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NEWSLINK

The Parish Magazine
of Saint Faith's Church, Great Crosby

Saint Faith’s Prayer for Mission

God of unchanging power, your Holy Spirit enables us to proclaim your love in challenging times and places:
give us fresh understanding and a clear vision, that together we may respond to the call
to be your disciples and to rejoice in the blessings of your kingdom;
we ask this in the name of Him who gave His life that ours might flourish,
your Son, Jesus Christ our Lord. Amen.


If you would like to receive a postal copy of Newslink  each month, free of charge, email the Editor 



July 2009


From the Ministry Team


Dear friends,

Politicians may not like democratic elections (unless they win, of course) but they do at least give people a chance to voice their opinions and have their say. Quite what people really were saying in the local and European elections remains to be seen! Even the Church of England does its work through Synods, PCCs and Church Representation Rules. Processes are important and involving and including people is a good rule to work by.

With this in mind we have just completed a process where every member of the church has had the opportunity to participate and have their say. Following on from our engagement with the Mission Shaped Introduction course (MSI) undertaken by many in Lent, two very successful and moving prayer evenings at Pentecost led us to make some decisions about the way forward. The group of almost 30 people who met on 8th June felt very strongly that we ought to make our work with families and young people one of our priorities; we nonetheless felt we want to include people of all ages in whatever way we can so that no one is left out!

Among the points discussed were (in no particular order):
* Having opportunities for the church to be ‘open’ more, in much the same way as we do on summer Saturday concert mornings. Refreshments could be served and the opportunity for people, particularly those who might be lonely, to come together and enjoy food and drink. Parts of the church might be set aside for prayer zones, for quiet and reflection. There might be the opportunity to pray with people if requested. We felt we wanted to see our church buildings as a resource which might help us to meet people’s spiritual needs in ways that don’t necessarily happen during formal liturgy.
* Continuing to find opportunities when we can share our faith together so that we might have more confidence in sharing our faith with others.
* The Church can often seem a very threatening and regimented place: we need to work hard to break down those barriers and dispel the myth.
* Seeking to involve local schools more is something we would like to see happening more. Better links can be made and many would like to explore this area further.
* Our current activities, such as Holiday Clubs and Craft Days for children might well form the basis for a fresh expression known as “Messy Church” (see the www!)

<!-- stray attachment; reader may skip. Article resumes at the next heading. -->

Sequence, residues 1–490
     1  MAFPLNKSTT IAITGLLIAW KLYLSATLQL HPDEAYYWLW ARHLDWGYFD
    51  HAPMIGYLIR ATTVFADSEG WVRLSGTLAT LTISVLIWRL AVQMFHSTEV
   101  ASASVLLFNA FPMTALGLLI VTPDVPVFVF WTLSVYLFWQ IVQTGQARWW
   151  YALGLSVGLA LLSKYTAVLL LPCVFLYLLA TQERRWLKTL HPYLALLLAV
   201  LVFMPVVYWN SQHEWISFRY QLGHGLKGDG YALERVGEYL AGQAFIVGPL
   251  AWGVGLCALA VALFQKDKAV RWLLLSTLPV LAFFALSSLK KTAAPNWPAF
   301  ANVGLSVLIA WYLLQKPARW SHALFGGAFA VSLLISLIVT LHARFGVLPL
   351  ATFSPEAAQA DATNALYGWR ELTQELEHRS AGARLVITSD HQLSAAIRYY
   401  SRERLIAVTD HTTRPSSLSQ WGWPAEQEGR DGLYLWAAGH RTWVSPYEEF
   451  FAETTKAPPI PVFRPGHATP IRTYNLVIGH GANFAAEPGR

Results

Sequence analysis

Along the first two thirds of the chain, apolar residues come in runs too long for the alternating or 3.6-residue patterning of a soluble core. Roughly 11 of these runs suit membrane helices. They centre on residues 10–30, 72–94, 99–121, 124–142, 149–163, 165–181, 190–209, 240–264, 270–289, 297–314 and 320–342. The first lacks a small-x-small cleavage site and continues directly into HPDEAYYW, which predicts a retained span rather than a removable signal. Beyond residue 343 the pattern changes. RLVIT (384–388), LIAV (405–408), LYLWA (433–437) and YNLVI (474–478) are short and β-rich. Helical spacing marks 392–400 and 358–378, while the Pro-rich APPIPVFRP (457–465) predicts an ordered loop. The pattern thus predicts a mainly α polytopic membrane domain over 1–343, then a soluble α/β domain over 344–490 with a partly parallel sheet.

* What might be right for us in terms of a ‘fresh expression’ will be very different to how things might take shape in another church community. We have to be ourselves and take on board our own setting and resources.
* There was a very real sense that while there might be uncertainty and anxiety about how we move forward; there was nevertheless a feeling that moving forward was the right thing to do. Our faith and experience of God must not be a private treasure – it is something precious that we all agreed must be shared with more people around us.

Those who came to the meeting on 8th June had clearly spent much time thinking and praying about our future. We recognised that we are at a ‘crossroads’ and that is very exciting. People spoke passionately about how what they had learned during the MSI course had encouraged them and gave them enthusiasm to share their faith with others and connect more with the community around us.

All in all it was a very positive and encouraging evening and I, for one, am very excited about what the future will bring to us and our community.

The beginning and the end: prayer. It can never be stressed too much that the basis for all we do is prayer. That was so evident at the prayer evenings and subsequent meeting. To this end a small number of people are committing themselves to meeting weekly in S. Mary’s to pray informally for the mission of our United Benefice on a Thursday evening at 6.30pm. Details will appear on the website and weekly sheet.

Please, if and when you can, come along and pray so that together we can continue to open ourselves up to the working and guidance of the Holy Spirit.

With my love and prayers

Fr Neil

God of unchanging power
your Holy Spirit enables us
to proclaim your love in challenging times and places:
give to our United Benefice fresh understanding and a clear vision
that together we may respond to the call to be your disciples
and so to rejoice in the blessings of your kingdom;
we ask this in the name of Him who gave His life that ours might flourish,
your Son, Jesus Christ our Lord. Amen.

Year of the Child 2009


Who do you know that has made a real difference?

To celebrate the 30th anniversary of the United Nations Year of the Child, the Diocese of Liverpool is searching for children’s & youth workers who have made a significant contribution to the life of your children’s and/or youth ministry. Maybe their commitment/inspiration/dedication has made a real impact in your parish.

Know someone who’s been involved in parish children’s or youth work for 10 years or more?